Multiple people have reported seeing lights shimmering over, plunging into, or leaping out of Lake Ontario. These sightings have given rise to the legend that there is an underwater UFO base located in the bottom of this lake.

Perhaps the aliens come from an aquatic planet and wouldn’t do well out here on dry land?

Nessie Lives in Lake Ontario

You’ve heard of the Loch Ness monster, right?

The Seneca First Nations tribe were the first people to record sightings of our own sea monster. As early as the 1850s, white settlers claimed to see something much bigger than the average fish swimming around in Lake Ontario as well. They described it as a blue-grey serpent that was about 50 feet long.

A Haunting at Old Finch Road

There are many different versions of this tale. They all tend agree that a girl was murdered on Old Finch Road, possibly near a bridge.

Many versions say she died on her birthday and will appear to you if you sing Happy Birthday to her because the person who murdered her wrote “Happy Birthday, Susie” on a nearby rock after killing her. (Although the victim’s name changes quite a bit depending on which version of the story you hear).

Some people have also claimed to hear screams and moans when travelling along this road.

Gibraltar Point Lighthouse on Toronto Island

gibraltar point lighthouse on Toronto Island in Toronto, Ontario
Gibraltar Point Lighthouse

Mr. John Paul Rademuller was the first lighthouse keeper on this little island back when it was still a peninsula. In order to make some extra money, he was a brewer and bootlegger as well.

Legend has it that two drunken sailors came to visit him one day to buy some of his beer. When Rademuller refused to sell it to them, they killed him, dismembered his body, and buried pieces of it around the island.

In some versions of this tale, it is said that parts of him were eventually found but that his head was never recovered at all. Other versions say his ghost still continues to wander the island because his killers were never punished for their crime and not because parts of his skeleton might still be waiting to be found.

Allegedly, there were some bones found near the lighthouse in 1893, but investigators didn’t yet have the scientific tools to tell if they belonged to Mr. Rademuller or not.

Mrs. Jemima Howard’s Last Days

The unique thing about Mrs. Howard is that we have many historical records that document her life. She was the wife of John G. Howard, and they both gave the land that would later become High Park to the city of Toronto after their deaths.

Mr. and Mrs. Howard lived happily in Colborne Lodge for many years. They never had children, but they doted on their nieces and nephews who temporarily came to live with them while  finishing their educations.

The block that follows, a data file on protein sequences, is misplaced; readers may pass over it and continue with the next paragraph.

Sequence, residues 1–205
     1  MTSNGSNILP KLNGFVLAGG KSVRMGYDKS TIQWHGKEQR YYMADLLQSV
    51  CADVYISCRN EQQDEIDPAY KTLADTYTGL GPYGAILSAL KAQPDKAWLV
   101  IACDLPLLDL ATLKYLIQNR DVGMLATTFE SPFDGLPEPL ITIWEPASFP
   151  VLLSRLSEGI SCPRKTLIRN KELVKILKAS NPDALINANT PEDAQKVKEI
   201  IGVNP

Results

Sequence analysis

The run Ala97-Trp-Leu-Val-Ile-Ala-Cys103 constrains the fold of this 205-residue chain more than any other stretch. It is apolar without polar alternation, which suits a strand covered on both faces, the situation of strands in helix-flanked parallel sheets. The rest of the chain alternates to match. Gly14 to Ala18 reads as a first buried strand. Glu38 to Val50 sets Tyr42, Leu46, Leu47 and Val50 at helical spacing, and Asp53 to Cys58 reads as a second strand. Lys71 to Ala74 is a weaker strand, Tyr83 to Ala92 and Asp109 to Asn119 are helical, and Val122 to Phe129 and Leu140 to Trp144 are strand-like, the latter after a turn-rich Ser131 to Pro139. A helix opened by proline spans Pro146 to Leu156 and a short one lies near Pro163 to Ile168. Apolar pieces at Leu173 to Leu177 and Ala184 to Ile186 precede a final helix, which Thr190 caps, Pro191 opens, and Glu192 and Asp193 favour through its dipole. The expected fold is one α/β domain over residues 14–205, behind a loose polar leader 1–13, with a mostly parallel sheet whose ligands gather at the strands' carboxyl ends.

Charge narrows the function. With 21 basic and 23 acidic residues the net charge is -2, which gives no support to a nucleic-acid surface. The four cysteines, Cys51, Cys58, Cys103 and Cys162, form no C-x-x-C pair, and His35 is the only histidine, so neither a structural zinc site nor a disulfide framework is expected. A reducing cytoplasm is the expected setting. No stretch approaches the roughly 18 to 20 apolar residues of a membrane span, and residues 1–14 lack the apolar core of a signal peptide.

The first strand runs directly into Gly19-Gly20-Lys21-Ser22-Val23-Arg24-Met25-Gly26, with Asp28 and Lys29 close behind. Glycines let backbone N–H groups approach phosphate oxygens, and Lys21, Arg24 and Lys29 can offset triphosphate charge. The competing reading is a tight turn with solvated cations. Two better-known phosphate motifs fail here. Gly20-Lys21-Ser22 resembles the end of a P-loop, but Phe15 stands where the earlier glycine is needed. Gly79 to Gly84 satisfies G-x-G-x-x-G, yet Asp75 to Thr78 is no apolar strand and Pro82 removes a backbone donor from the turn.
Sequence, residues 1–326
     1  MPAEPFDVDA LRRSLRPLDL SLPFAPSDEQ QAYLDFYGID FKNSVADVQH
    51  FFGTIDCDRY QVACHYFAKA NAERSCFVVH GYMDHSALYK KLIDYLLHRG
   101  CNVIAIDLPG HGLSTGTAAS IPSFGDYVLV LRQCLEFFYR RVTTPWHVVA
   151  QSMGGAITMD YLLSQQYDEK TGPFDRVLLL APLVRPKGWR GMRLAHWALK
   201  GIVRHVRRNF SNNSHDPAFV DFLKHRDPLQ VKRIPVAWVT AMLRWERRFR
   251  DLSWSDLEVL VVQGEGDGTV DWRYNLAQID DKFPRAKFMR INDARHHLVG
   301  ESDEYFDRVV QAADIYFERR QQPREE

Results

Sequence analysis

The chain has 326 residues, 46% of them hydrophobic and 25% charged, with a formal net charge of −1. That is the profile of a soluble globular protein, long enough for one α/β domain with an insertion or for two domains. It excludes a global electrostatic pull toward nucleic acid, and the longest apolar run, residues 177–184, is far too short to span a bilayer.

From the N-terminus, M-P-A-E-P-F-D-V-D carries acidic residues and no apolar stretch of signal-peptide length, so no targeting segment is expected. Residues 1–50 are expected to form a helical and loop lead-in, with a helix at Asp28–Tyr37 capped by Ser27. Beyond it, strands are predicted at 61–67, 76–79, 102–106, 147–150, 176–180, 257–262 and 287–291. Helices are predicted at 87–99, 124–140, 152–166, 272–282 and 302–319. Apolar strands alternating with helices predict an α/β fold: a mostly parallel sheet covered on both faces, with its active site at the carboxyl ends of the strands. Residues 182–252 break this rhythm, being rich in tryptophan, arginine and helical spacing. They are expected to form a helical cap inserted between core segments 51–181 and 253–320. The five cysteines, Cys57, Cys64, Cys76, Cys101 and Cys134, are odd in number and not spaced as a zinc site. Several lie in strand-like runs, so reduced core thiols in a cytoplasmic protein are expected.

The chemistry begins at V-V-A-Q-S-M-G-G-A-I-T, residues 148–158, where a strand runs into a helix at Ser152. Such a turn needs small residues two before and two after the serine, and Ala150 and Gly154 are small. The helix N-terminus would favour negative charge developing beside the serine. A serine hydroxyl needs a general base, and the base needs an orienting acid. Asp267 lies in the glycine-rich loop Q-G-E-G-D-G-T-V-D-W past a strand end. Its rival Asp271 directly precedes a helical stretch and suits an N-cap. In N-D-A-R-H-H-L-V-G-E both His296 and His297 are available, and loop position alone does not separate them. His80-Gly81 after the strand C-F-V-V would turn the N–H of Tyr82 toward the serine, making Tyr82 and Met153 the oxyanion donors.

Sadly, Jemima Howard was diagnosed with breast cancer long before we had any treatments for it other than morphine and laudanum for her pain. She died at home in her own bed surrounded by loved ones. If she looked out her window, she could see the spot where she (and later her husband) would be buried.

Their headstone is the only one allowed in High Park, and it’s a beautiful, peaceful spot a short distance from their home.

Some visitors to Colborne Lodge have reported seeing a woman peering out of the second story bedroom where Jemima spent her last days. Others have reported cold spots and poltergeist activity.

Maybe Jemima never left home after all.

What is your favourite urban legend from your city, town, or community?

Satirical Thanksgiving: A Review of Addams Family Values

Film poster for Addams Family Values. Image on poster is of entire Addams family posing eerily and humorously in front of a large fireplaceContent warning: Childbirth and dark humour. I will go into detail about the latter in this review. 

Addams Family Values is a 1993 fantasy comedy film about a macabre but loving family who is trying to rescue their uncle from his new girlfriend who has a dark past and may have ulterior motives for dating him.

This is the sequel to the 1991 film The Addams Family which is in turn based on the 1964 television series by the same name whose reruns were my first exposure to these delightful characters. There was a 2019 reboot of The Addams Family as well.

While I do suggest checking out this entire franchise to anyone who is intrigued by it, they can be watched in any order you choose.

Would you believe that this is also a Thanksgiving film? Yes, I’m completely serious about that. Keep reading for more information.

Characters

Anjelica Huston as Morticia Addams
Anjelica Huston as Morticia Addams

 

Morticia was the busy, young mother of the family. She loved her children but wished she had more time to, as she put it, “seek out the dark forces.”

 

Raul Julia as Gomez Addams
Raul Julia as Gomez Addams

 

Gomez was Morticia’s devoted husband.

Christopher Lloyd as Uncle Fester
Christopher Lloyd as Uncle Fester

 

Uncle Fester was Gomez’s loyal but lonely brother. More than anything, he dreamed of the day he’d meet someone special and start his own family.

 

Christina Ricci as Wednesday Addams
Christina Ricci as Wednesday Addams